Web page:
From the excerpts I've read, "Fifty Shades of Grey" is terrible.
Forget the content, which has been described using words ranging from erotica to "mommy porn." The writing by E L James is atrocious. To wit:
"I do it for you, Christian, because you need it. I don't. You didn't hurt me last night. That was in a different context, and I can rationalize that internally, and I trust you. But when you want to punish me, I worry that you'll hurt me."
Huh? Who talks like that? Elmore Leonard this E L ain't. But wait, there's more:
His gray eyes blaze like a turbulent storm. Time moves, and expands and slips away before he answers softly.
Wow. Was it also a dark and stormy night?
And those are the excerpts fit for a family newspaper, Most of it is not.
But what really pains me about "Fifty Shades of Grey" is not the subject matter. It's that it's poorly written fan fiction. And yet it's a best-seller.
If you don't know what fan fiction is, it's fiction written by fans -- duh -- of other works and based on the characters of those works. Instead of taking the time to create their own universe and their own characters, these intellectual property thieves decide that it's enough to dream up a new story using characters someone else created. In fan fiction, these "writers" might turn Tom Sawyer into a zombie-hunting time-traveler or have Ishmael give up whale-hunting for pimping.
I chalk it up to the everything-belongs-to-everybody attitude fostered by the Internet. It's the attitude that lets the Facebook folks think all of your information should be out there for everyone to see and gives Google the idea that it's OK to scan every written word known to man to make it instantly available to anyone. Bloggers steal from journalists and website steals from website, all under the much-less-criminal sounding monikers of "sharing" or "linking" and few call it what it is: theft.
Yet the "Shades" trilogy sinks to even murkier depths. The author derived it from her own fan fiction based on the "Twilight" series. Not only did James use another author's characters, she used characters from another poorly written series.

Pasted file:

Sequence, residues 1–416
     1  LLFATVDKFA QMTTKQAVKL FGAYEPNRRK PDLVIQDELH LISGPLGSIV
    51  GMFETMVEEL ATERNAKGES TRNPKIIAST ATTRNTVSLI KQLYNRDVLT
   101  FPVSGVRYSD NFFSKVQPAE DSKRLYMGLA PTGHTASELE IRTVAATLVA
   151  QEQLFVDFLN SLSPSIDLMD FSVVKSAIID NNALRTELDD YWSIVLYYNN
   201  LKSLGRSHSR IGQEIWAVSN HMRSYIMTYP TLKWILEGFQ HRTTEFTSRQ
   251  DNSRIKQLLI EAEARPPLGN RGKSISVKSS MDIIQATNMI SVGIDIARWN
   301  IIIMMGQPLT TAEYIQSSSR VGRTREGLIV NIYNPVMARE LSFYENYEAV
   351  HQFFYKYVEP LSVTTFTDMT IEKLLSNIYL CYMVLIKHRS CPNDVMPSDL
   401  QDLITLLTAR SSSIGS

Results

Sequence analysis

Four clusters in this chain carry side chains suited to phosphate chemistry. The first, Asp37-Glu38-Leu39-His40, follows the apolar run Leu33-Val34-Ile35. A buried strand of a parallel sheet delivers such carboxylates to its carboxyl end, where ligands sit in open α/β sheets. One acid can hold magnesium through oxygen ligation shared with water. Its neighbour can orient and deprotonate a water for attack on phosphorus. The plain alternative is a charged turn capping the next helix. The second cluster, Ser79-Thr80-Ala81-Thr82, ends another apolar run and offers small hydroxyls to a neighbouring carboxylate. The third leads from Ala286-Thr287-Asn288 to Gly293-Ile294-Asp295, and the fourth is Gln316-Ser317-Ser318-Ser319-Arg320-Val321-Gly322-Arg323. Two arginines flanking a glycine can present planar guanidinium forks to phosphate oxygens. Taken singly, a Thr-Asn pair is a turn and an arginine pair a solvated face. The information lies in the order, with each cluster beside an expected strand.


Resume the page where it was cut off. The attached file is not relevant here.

(We pause here for a public service announcement. I doubt many tween girls read this column, but I imagine thousands of their phones go off every few seconds alerting them to even the slightest mention on the Internet of the novels about sparkly wuss vampires and werewolves. I now speak directly to you: Before you fill my inbox with your indecipherable text-talk hate mail, save your thumbs. I. Don't. Care. I tried reading the first "Twilight" novel, and I didn't make it but a few pages. I agree with Stephen King, who knows a thing or two about best-sellers -- Stephanie Meyer isn't a good writer.)
So the "Grey" writer takes characters from "Twilight" and writes a porno novel. Then she decides it's so good that she changes the names of the characters and publishes it. And not only does the world not see anything wrong with this, but the series occupies the top three spots on the New York Times best-seller list. Ironically and tragically at No. 4 is the latest work of King, who I assume wrote the story all by himself.
It all makes me weep for the future of the book business, a business I'd like to get into one day. As the owner of a half-dozen half-finished novels, I can tell you that creating a fictional character or world isn't easy. But I would never dream of stealing one from someone else.
Themes are fair game. Feel free to write your own story about the adventures of a young boy, a whale-hunter or vampires. But creating the world in which the story takes place and the characters in that world is part of creating the story. Letting someone else do the heavy lifting and then weaving your own yarn -- and wanting to be paid for it -- is lazy and wrong, and it's the main reason the public ought to spurn these books.
Email Nate McCullough at email@example.com. His column appears on Fridays. For archived columns, go to www.gwinnettdailypost.com/natemccullough.